I have fights with people on regular bases not because I’m a horrible person, in fact, you need to be quite open to meeting new people and not shy away from the unknown. The guards hate me as my camera is a secret weapon of mass destruction and people think they going to be on the front covers of world news. If only they knew I take photos for the love of taking photos, documenting life around me whilst watching moments unfold.
Patience is a virtue on the street as you never always gifted with amazing images and most times you walk away unrewarded. People look at you a little crazy when you hunting at least that's what it feels like as people are so scared that a camera will cause them harm. I've been pushed around in the streets, had my cameras stolen and for some reason, I always feel that I’m most comfortable making photos between people. I think what keeps you going back for more is the challenge of making photos you can hold onto for the rest of your life. Photos that tell a story of your environment and images that will live on long after me is probably the most rewarding images but most of all its making the ordinary into extraordinary and that for me is the ingredients for a successful image.
For the love of photography.
My second trip to Zanzibar brought along challenges that we didn’t expect as the weather has contradicted the norm as August is meant to be a sunny and clear skies month. My client, The Royal Zanzibar situated in the North in Nungwi, contracted me to capture several images for their website and upcoming Sales Brochure…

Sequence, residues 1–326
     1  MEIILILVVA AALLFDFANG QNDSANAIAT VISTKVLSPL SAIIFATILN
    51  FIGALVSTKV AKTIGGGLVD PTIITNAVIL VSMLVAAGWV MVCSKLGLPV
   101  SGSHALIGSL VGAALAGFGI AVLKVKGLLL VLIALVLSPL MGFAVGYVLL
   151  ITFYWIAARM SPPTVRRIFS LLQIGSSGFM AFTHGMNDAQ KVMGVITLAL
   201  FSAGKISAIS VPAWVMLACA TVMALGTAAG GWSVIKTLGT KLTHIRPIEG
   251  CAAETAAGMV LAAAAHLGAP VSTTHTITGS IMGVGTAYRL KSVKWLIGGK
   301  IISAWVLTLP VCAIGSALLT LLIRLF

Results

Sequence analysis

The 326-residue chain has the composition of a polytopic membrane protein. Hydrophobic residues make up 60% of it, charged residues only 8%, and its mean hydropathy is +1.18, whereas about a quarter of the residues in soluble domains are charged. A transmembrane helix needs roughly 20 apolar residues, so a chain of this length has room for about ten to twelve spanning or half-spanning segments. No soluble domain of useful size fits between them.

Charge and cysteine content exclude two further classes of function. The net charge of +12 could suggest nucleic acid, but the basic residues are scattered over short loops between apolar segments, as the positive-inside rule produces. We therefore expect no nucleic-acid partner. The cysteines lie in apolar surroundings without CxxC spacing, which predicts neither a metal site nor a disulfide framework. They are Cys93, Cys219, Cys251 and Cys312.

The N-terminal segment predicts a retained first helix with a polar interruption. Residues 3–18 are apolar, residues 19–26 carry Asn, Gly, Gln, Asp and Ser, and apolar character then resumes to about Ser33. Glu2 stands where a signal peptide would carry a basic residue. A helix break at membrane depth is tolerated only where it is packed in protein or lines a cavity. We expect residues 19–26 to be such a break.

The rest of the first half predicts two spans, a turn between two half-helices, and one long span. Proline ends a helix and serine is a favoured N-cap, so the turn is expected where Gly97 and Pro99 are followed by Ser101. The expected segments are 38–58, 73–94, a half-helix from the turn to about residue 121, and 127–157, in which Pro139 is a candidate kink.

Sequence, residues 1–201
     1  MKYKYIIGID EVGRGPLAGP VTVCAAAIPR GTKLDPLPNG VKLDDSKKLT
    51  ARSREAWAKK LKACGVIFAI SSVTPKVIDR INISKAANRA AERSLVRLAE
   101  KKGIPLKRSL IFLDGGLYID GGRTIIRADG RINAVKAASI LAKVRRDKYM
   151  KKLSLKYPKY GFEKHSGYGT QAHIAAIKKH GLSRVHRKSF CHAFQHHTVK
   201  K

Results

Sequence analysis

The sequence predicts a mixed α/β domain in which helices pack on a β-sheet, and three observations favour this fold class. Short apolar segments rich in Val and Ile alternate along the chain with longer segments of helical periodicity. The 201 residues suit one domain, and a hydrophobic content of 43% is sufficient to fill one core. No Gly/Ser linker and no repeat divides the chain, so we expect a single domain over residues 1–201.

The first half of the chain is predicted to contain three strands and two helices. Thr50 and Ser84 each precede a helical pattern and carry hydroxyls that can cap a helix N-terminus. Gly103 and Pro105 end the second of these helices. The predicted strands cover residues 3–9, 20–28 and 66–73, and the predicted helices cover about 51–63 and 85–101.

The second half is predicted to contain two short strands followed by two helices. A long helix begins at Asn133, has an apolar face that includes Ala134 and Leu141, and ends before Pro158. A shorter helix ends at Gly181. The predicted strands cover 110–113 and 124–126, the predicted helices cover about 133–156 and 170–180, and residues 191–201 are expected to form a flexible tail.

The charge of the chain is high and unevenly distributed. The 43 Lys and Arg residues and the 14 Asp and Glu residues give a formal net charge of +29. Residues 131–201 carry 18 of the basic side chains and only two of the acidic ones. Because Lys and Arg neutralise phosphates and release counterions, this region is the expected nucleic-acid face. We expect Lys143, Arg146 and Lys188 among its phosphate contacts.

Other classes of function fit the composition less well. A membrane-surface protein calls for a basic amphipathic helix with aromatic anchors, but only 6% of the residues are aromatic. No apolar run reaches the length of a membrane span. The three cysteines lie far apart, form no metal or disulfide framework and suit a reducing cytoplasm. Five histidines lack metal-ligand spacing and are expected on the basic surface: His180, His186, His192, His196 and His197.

I’ve always appreciated good visuals, weather it is be photography, art or cinematography.
As kid I was always intrigued by point and shoot cameras and remember accompanying my dad to the local chemist to get our rolls of film developed.
Throughout my primary school career I was the kid at the school camps with my parents little point and shoot. I got my first digital camera as a Christmas gift in my teens, it was actually a Fujifilm camera.
I was reintroduced to photography during my journalism studies. This was my first and only formal training in photography. I really enjoyed documentary photography. My portrait & lifestyle photography actually kind of just happened to me especially “fro-tography”, I love shooting natural hair and am busy establishing myself as the Cape Town “fro-tographer”.
Initially I wanted to use shoots to fund my documentary (travel) photography, and then I found myself enjoying the lifestyle and portrait side. Like documentary photography it still tells a story. People always have a story to tell. I still hope to document people and places with my xt2 in the future.
Follow my journey on Facebook and Instagram at
Megan Damon Visuals
Born in Johannesburg, South Africa; raised in Dallas, Texas, Rachel Andrews returned to South Africa after studying three years Visual Art Studies at the University of North Texas to complete her studies in Photography at Nelson Mandela Metropolitan University. After a heavy upbringing in the creative industry with a mother as an accomplished decorative artist in Dallas, Rachel’s main objective is to bring through as much expression through the lens as a paintbrush traditionally would have allowed. Thus, creating a specialised work of art in every image.
Rachel Andrews Photography has been exhibited at the following events:
- The Collective Photography and Graphic Design Exhibition, Port Elizabeth in 2011
- Cape Landscape Exhibition,
- Port Elizabeth in 2011 Red Location Documentary Exhibition,
- Port Elizabeth in 2010